Great British Bake Off winner and keen runner Frances Quinn shares her favourite recipes for runners.
Featuring, coffee, porridge and cake, what’s not to love? We’ve got suggestions for those who are dairy and sugar free.
COFFEE SHOT ‘CUP’ CAKES RECIPE
(Recipe from ‘Quinntessential Baking’ by Frances Quinn (Bloomsbury)
Baked and served in take-away coffee cups, these cakes will bring out your inner barista. They are soaked in a coffee syrup with, if you like, a shot of coffee liqueur, before being topped with sweetened mascarpone cream (or use whipped cream if you prefer).
You can find paper espresso cups online or, even better, make friends with your local coffee shop and buy the cups from them. I would definitely advise using the brown kraft ripple cups, as the outer rippled layer will conceal any butteriness that can soak through from the cake through the inner cardboard.
Makes 12 small Cakes
For the cakes
3 tbsp instant coffee
3 tbsp freshly boiled hot water
3 tbsp whole milk
150g butter, softened
150g light muscovado sugar
3 eggs (at room temperature)
150g self-raising flour
150g walnuts, toasted and chopped (see p.82)
For the coffee syrup
½ tbsp instant coffee
50ml boiling water
50g caster sugar
½ tbsp coffee liqueur, such as Tia Maria, optional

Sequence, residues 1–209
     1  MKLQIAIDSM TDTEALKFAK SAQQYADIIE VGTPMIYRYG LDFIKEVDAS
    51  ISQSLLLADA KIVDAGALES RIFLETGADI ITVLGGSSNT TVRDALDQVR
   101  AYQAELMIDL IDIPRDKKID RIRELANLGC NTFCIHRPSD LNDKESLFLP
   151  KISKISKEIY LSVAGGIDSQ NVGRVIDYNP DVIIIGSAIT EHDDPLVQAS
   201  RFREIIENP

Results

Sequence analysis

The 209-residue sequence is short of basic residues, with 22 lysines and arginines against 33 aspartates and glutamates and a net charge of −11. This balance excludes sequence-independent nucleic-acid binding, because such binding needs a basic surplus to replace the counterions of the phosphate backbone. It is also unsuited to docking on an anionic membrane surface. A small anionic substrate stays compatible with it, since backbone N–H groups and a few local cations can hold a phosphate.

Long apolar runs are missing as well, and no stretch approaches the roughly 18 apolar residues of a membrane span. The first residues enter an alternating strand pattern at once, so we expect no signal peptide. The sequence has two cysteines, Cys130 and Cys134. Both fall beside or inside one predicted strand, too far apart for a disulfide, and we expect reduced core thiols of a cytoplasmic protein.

For the topping
Few drops of vanilla extract
50g icing sugar
Dash of milk or cream, if needed
12-hole muffin tin
12 espresso-sized (115ml/4oz) paper cups – ideally kraft ripple (see directory, p.308)
Coffee-bean stencil (see below) or other stencil, optional
Preheat the oven to 180°C/160°C fan/gas 4. Line the muffin tin with the cups.
Mix the coffee with the hot water, then stir in the milk. Set aside to cool. Using a hand-held electric whisk, or in a free-standing mixer, beat the butter and sugar together for 5–10 minutes or until very light and creamy.
The mixture will turn from a rich toffee brown to a pale café-au-lait shade. Break the eggs into a mug or jug and beat with a fork. Gradually add the eggs to the creamed butter and sugar mixture, beating well after each addition. Should the mixture look like it’s curdling, add a spoonful of the flour. Sift in the flour and fold in until just combined.
Finally, stir through the coffee and chopped walnuts.
Spoon the mixture into the paper cups and bake for 15–20 minutes or until the cakes have risen and a skewer pushed into the centre comes out clean.
While the cakes are baking, make the syrup. Put the coffee in a small pan, add the boiling water and stir to dissolve the granules. Stir in the sugar. Set the pan over a medium heat and bring to the boil.
Reduce the heat and simmer gently for a few minutes or until the sugar is completely dissolved and you are left with a runny syrup. Remove from the heat and stir in the liqueur, if using.
Once the cakes are baked, remove from the oven and leave to cool in the tin for about 5 minutes.
During this time, prick them all over with a cocktail stick and brush over the coffee syrup using a paintbrush or pastry brush, allowing the syrup to soak into the sponge. Use about ½ tablespoon syrup per cup.
Remove the cakes from the tin, still in their cups, and leave to cool completely on a wire rack.
Put the mascarpone and vanilla in a bowl and sift in the icing sugar. Beat together until creamy and well combined, adding a dash of milk or cream to slacken the mix slightly, if necessary. Spoon some
on to each cake and spread level with a palette knife. Sift the cocoa on top, either all over or through a coffee-bean stencil to create some barista art.